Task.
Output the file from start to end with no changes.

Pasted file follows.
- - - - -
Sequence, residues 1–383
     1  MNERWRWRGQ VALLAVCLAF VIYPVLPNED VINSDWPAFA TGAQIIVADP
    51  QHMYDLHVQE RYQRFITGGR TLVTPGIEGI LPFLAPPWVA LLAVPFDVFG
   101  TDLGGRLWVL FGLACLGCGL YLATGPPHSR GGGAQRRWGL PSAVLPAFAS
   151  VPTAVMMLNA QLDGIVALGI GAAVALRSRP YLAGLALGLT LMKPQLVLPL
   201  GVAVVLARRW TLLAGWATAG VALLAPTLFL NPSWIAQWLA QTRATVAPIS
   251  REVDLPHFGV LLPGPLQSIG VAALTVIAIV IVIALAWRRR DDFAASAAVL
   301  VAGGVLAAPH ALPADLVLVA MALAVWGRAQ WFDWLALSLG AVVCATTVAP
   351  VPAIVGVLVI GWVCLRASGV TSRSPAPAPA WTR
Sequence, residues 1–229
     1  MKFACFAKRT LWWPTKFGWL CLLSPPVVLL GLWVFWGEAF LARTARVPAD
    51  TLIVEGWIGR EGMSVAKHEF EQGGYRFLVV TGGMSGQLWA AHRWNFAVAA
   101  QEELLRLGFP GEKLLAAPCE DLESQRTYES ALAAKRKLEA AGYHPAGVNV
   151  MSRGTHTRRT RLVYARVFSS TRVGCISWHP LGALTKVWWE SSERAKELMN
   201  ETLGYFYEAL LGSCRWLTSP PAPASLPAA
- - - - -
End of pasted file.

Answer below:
Sequence, residues 1–383
     1  MNERWRWRGQ VALLAVCLAF VIYPVLPNED VINSDWPAFA TGAQIIVADP
    51  QHMYDLHVQE RYQRFITGGR TLVTPGIEGI LPFLAPPWVA LLAVPFDVFG
   101  TDLGGRLWVL FGLACLGCGL YLATGPPHSR GGGAQRRWGL PSAVLPAFAS
   151  VPTAVMMLNA QLDGIVALGI GAAVALRSRP YLAGLALGLT LMKPQLVLPL
   201  GVAVVLARRW TLLAGWATAG VALLAPTLFL NPSWIAQWLA QTRATVAPIS
   251  REVDLPHFGV LLPGPLQSIG VAALTVIAIV IVIALAWRRR DDFAASAAVL
   301  VAGGVLAAPH ALPADLVLVA MALAVWGRAQ WFDWLALSLG AVVCATTVAP
   351  VPAIVGVLVI GWVCLRASGV TSRSPAPAPA WTR
Sequence, residues 1–229
     1  MKFACFAKRT LWWPTKFGWL CLLSPPVVLL GLWVFWGEAF LARTARVPAD
    51  TLIVEGWIGR EGMSVAKHEF EQGGYRFLVV TGGMSGQLWA AHRWNFAVAA
   101  QEELLRLGFP GEKLLAAPCE DLESQRTYES ALAAKRKLEA AGYHPAGVNV
   151  MSRGTHTRRT RLVYARVFSS TRVGCISWHP LGALTKVWWE SSERAKELMN
   201  ETLGYFYEAL LGSCRWLTSP PAPASLPAA